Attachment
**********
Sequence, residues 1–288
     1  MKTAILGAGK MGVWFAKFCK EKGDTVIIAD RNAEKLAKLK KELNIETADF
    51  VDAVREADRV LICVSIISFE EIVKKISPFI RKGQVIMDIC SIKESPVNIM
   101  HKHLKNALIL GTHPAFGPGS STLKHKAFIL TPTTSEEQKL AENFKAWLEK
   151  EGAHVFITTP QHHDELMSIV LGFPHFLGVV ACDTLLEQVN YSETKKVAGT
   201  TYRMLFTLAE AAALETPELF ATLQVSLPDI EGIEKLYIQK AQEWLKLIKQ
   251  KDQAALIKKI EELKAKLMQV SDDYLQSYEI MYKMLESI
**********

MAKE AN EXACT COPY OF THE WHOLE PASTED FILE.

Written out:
Sequence, residues 1–288
     1  MKTAILGAGK MGVWFAKFCK EKGDTVIIAD RNAEKLAKLK KELNIETADF
    51  VDAVREADRV LICVSIISFE EIVKKISPFI RKGQVIMDIC SIKESPVNIM
   101  HKHLKNALIL GTHPAFGPGS STLKHKAFIL TPTTSEEQKL AENFKAWLEK
   151  EGAHVFITTP QHHDELMSIV LGFPHFLGVV ACDTLLEQVN YSETKKVAGT
   201  TYRMLFTLAE AAALETPELF ATLQVSLPDI EGIEKLYIQK AQEWLKLIKQ
   251  KDQAALIKKI EELKAKLMQV SDDYLQSYEI MYKMLESI